And at the end of his trip, on the same day, Benedict XVI will visit the historical museum of Santa Sofia. The imposing Basilica which until 1453 was the most sublime symbol of Christianity in the East was a church for 916 years, then a mosque and finally, deconsecrated by order of AtaTurk in 1935, it became a museum. It is still an object of controversy for nationalists who claim it as a place of Islamic worship. The planned visit has baffled Turks who are fearful that the Pontiff may want to stake a Christian claim there, or expect to pray inside. The visit will be a private one, bearing in mind that the place is a museum and should be respected as such, in line with the will of those who made it so, thus guaranteeing access to all believers but without public religious manifestations.
The other novelty is a stop in Ephesus, precisely at the House of Our Lady, on 29 November. It had been speculated that he may spend this day between meetings, with the civil authorities in Ankara and religious ones in Istanbul, in Trabzon. This is the city on the Black Sea where Don Andrea Santoro was killed last winter, a tragic event that unblocked the invitation to the Pope from the president of the Republic of Turkey. Another possibility mooted was Antioch a city in southern Turkey, where for the first time, the disciples of Jesus were called Christians where he would have been able to give a strong signal of ecumenical dialogue, meeting at the same time the five patriarchs of the East that hold the name of "Antiochians" (Greek Orthodox Syrian Orthodox Melchite Maronite Syrian Catholic).
However, Meryem Ana was chosen, the small house at the top of a hill on the Aegean Sea, where tradition has it that Mary lived out the last years of her life, and from where she was assumed into heaven. The pontiff will go to pray at this national Marian shrine, continuing in the tradition of his predecessors Paul VI and John Paul II.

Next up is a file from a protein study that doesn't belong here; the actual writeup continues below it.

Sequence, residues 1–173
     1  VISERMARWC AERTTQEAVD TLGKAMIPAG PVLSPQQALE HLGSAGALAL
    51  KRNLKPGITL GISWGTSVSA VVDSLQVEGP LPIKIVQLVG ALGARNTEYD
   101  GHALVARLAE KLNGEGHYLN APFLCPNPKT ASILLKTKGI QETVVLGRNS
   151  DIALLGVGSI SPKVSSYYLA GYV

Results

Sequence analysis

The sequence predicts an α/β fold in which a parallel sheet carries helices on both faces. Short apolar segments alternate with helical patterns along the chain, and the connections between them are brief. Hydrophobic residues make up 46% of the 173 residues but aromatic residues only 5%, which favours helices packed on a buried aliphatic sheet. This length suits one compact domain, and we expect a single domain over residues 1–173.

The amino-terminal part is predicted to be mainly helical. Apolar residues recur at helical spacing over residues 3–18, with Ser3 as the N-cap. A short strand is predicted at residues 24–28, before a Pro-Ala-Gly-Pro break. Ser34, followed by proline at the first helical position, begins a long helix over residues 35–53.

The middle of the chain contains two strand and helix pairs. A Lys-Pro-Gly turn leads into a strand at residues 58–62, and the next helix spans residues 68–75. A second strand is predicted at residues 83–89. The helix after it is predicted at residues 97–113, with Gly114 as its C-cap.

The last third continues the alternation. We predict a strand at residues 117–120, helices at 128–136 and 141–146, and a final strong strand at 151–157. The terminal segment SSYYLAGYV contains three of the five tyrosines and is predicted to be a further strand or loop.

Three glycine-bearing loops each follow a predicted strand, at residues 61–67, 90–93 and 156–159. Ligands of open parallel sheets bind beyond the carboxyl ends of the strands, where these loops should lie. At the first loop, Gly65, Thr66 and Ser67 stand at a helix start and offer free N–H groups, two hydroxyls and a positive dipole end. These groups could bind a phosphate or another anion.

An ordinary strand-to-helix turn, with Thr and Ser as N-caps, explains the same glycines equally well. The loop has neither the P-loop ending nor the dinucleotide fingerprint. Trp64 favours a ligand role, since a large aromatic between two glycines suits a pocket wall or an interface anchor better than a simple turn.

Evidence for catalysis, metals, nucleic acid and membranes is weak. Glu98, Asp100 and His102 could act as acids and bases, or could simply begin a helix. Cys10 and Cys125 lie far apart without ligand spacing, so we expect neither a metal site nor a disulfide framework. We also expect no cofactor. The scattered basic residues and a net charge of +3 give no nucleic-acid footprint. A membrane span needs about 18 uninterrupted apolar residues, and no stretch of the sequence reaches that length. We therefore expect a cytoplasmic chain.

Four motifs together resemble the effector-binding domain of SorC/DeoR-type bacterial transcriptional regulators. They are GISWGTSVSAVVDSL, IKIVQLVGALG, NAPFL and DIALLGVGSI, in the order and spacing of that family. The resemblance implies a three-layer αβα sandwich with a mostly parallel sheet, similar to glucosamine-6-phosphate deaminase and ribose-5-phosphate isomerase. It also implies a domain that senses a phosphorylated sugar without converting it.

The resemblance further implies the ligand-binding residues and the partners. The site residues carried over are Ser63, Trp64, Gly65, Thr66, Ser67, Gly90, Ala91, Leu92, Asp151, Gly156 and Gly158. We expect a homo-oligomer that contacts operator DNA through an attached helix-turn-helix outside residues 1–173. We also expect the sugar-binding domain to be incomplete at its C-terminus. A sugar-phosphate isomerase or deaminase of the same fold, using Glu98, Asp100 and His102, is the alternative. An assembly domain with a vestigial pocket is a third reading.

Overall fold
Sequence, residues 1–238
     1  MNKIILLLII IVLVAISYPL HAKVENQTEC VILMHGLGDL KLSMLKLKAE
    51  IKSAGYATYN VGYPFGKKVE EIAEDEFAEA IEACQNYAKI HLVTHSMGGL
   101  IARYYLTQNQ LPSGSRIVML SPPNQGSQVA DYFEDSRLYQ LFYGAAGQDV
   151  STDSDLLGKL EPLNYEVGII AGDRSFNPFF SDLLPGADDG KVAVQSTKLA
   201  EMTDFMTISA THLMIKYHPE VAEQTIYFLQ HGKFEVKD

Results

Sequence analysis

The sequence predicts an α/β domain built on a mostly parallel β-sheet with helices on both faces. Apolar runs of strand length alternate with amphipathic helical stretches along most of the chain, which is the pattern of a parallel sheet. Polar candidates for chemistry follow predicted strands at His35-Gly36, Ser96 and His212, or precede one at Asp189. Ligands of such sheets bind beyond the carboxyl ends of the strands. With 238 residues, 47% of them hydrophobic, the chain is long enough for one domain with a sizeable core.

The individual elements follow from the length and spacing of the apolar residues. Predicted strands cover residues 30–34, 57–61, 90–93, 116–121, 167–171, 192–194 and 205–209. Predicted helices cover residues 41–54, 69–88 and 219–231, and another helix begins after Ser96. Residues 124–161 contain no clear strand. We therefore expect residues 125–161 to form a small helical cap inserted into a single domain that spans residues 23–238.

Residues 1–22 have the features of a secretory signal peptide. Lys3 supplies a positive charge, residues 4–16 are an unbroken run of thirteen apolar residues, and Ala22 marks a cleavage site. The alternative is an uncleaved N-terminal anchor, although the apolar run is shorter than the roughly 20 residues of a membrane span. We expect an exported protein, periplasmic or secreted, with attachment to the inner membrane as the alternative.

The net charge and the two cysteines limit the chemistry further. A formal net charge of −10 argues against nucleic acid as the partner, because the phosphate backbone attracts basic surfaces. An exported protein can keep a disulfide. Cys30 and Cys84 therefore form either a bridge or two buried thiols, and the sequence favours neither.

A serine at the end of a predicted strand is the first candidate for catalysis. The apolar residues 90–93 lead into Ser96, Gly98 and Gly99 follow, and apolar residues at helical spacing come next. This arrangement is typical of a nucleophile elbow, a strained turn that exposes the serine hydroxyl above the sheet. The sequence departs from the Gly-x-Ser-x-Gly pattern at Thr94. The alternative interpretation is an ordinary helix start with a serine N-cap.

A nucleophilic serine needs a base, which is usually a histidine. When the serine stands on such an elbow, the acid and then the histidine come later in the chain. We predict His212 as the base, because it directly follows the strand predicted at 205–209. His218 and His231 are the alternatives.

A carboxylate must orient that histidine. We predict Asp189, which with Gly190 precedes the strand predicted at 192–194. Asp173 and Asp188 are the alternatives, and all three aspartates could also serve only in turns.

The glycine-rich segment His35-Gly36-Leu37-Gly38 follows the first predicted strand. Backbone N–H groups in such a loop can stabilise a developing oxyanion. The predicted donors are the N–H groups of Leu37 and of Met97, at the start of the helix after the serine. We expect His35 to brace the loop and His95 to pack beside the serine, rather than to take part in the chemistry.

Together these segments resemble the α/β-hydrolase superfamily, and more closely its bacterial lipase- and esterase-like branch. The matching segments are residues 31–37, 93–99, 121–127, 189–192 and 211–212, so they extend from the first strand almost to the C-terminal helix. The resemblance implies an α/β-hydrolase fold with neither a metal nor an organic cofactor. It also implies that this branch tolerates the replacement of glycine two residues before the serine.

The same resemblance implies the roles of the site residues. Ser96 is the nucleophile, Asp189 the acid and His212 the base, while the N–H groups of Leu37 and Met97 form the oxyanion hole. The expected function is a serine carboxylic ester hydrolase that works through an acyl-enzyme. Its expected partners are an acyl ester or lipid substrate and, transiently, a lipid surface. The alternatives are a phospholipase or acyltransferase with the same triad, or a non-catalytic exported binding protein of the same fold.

Then there are the other significant stops. The first day (28 November) will be dedicated to political authorities: the welcome ceremony will not be at the airport of Ankara but at the presidential palace, where the pope will meet the Turkish president, Ahmet Necdet Sezer. And he will also have a private meeting with the prime minister, Recep Tayyip Erdogan, and the diplomatic corps. On the way, he will also go to the mausoleum of Ataturk, to pay homage to the father of Turkey, founded in 1923 on the ruins of the old and decadent Ottoman Empire.
On the evening of 29 November, the pontiff will have a private audience with the Greek Orthodox Patriarch Bartholomew I. After prayers in the patriarchal church of St George on 30 November, the feast of St Andrew, the Holy Father will attend a solemn divine liturgy presided over by the Patriarch, and at the end a joint statement will be signed.
"The contents of this statement are unknown," said Mgr Padovese. "But surely it will be another step in ecumenical dialogue, in the quest for unity, already started with the resumption of deliberations last autumn of the Commission of Theological Dialogue between the Catholic and Orthodox Churches, desired by John Paul II during his visit to Turkey in 1979."
This dialogue, which has been extended also to all the sister Churches of the East, will see another significant gesture in the visit of the Pontiff to Mesrob II, the Armenian Patriarch, pastor of a Christian community that has always been present in Turkey and which despite everything, remains numerous and vibrant.
This apostolic voyage, set to have a strong ecumenical impact, is fervently anticipated by all Christians. The Apostolic Vicar of Anatolia said: "Surely this visit will be a precious opportunity to animate the Christian community in awareness of their identity and at the same time to demonstrate the nearness and interest of the Holy Father as regards the plight of the Churches of Turkey. This is the first visit of the Pontiff to a country with a Muslim majority but inspired by secularism. The pope's will be a strong voice that will not speak not only to Turkey but to the whole world, about ties between Islam and Christianity and the discomfort that today, perhaps more than ever, afflicts Christians in this land and all the Middle East."